C reactive protein level, mg/L median [IQR]4.5 [2.9–31.1]2.9 [1–2.9]**1 [1–2.9]***
HOMA-IRa2.1 ± 1.13.9 ± 5.1NA
Adiponectin (μg/L)20.2 ± 6.722.9 ± 5.1 
Leptin (ng/L)15.5 ± 17.213.3 ± 17* 
Chemerin (ng/L)52.1 ± 61.753.1 ± 69.7 
Resistin (ng/L)4.2 ± 1.44.1 ± 1.5 
Visfatin (ng/L)1.9 ± 2.91.7 ± 2 
Ghrelin (active, pg/mL)30.6 ± 23.323.0 ± 21.2 
Amylin (pg/mL)14.9 ± 7.718.3 ± 11.4 
C peptide (pg/mL)736 ± 359934 ± 619 
GIP (pg/mL)54 ± 30161 ± 192* 
GLP-1 (active, pg/mL)23.1 ± 3120.3 ± 32 
Pancreatic polypeptide (pg/mL)120.6 ± 94.9237.8 ± 260.7 
PYY (pg/mL)117.5 ± 126.0143.3 ± 149.7 

Sensitivity analysis

A comparison between the 11 patients who have completed the study at 1 year and the 10 patients for which data were missing did not show any significant differences for demographic, disease, and clinical characteristics (Table S1). Among the 10 non-completers, the four patients for which the data were missing between 6 and 12 months consisted of three good–moderate EULAR responders and one non-responder at 6 months. The significant gain in lean mass was confirmed by using available-case analysis in RA patients treated with TCZ during 1 year of follow-up (Table S2). Compared with the full data analysis, significant differences for the gain in weight and lean mass persisted for fat-free mass index, total lean mass, appendicular lean mass, and SMI. Body fat percentage decreased between 6 and 12 months. Consistent with the full analysis, a redistribution of the fat towards peripheral and subcutaneous compartments was noted after 1 year of follow-up.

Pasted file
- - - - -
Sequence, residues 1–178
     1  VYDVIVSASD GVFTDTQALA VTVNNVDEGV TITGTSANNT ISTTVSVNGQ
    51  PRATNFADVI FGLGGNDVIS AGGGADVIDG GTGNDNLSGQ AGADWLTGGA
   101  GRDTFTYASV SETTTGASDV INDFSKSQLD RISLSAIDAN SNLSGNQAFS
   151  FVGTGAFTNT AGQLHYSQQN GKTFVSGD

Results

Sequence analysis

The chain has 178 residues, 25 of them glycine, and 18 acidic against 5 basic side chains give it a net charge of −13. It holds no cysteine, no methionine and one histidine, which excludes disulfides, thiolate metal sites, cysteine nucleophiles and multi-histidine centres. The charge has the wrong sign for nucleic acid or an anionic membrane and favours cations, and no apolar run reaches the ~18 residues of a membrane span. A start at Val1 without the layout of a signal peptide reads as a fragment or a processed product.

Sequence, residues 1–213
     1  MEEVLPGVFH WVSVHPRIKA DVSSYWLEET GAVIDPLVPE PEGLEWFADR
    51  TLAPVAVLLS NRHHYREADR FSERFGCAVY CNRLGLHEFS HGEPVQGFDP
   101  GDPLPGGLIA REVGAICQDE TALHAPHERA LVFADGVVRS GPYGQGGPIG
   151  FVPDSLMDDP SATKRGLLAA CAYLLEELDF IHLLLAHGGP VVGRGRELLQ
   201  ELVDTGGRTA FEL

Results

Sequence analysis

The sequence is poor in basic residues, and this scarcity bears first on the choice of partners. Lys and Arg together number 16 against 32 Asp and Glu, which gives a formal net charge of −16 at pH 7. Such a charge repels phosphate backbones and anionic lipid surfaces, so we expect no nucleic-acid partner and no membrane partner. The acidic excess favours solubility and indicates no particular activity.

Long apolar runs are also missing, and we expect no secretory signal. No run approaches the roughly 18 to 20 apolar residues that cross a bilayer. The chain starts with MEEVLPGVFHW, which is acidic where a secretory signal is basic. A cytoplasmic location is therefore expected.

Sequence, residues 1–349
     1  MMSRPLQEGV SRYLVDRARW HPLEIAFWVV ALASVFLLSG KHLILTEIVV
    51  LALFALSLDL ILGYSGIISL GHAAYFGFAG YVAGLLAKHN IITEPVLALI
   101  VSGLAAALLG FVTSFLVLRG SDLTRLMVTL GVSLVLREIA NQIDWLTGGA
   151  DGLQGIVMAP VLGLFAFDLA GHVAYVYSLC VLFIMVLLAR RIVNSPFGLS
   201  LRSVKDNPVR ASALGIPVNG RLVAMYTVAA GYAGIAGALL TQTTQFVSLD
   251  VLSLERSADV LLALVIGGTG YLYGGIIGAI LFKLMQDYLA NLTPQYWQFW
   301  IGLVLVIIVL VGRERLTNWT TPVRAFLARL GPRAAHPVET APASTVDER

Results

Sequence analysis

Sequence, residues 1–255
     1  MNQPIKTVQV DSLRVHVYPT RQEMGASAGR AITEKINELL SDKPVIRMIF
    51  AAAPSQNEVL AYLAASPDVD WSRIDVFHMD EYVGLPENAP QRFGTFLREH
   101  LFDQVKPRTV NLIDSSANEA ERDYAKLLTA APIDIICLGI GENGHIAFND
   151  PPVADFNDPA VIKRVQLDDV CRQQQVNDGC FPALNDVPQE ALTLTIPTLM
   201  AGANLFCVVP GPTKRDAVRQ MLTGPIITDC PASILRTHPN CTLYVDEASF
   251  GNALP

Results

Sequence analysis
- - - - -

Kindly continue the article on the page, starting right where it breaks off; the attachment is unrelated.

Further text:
Our results confirm a decrease in muscle mass in RA patients compared with controls contrasting with normal fat mass. We observed that almost one-third of RA patients had a muscle mass below the cut-off value for sarcopaenia defined by the European Working Group on Sarcopenia in Older People (EWGSOP),[5] contrasting with normal fat mass. Moreover, for the majority of sarcopaenic patients, the decrease in lean mass was associated with a low BMI (<20) supporting the evidence for rheumatoid cachexia in these patients with active and refractory disease. Rheumatoid cachexia, a complex metabolic syndrome, which associates sarcopaenia with or without loss of fat mass, underlying illness, inflammation, insulin resistance, anorexia, and increased breakdown of muscle proteins, was described almost 100 years ago, and a number of studies reported abnormal body composition in RA patients.[26] However, rheumatoid cachexia is under-recognized in clinical practice and few recent data are available regarding the body composition of RA patients assessed with DXA, the most useful and validated method, compared with controls.[27, 28] The frequency of rheumatoid cachexia in the literature depends upon the definition of cachexia and/or sarcopaenia, the methods for assessing muscle mass, and the cut-off values. Although the definition of sarcopaenia should include both low muscle mass and low muscle function,[5] a combination of the two criteria was not reported in rheumatoid cachexia or sarcopaenia studies. Cachexia was diagnosed in two-third of patients by using anthropometric method,[29] whereas Giles et al. observed rates of sarcopaenia similar to ours (21.4% in women with RA and 33.3% in men with RA) by using alternative SMI cut points for sarcopaenia without muscle function assessment.[28] The mechanisms responsible for muscle loss have yet to be elucidated but could involve disease activity, the reduced mobility, and corticosteroid treatment.[6, 30, 31] In turn, altered body composition is likely to impact health and causes a cascade of cardiometabolic abnormalities.[32, 33]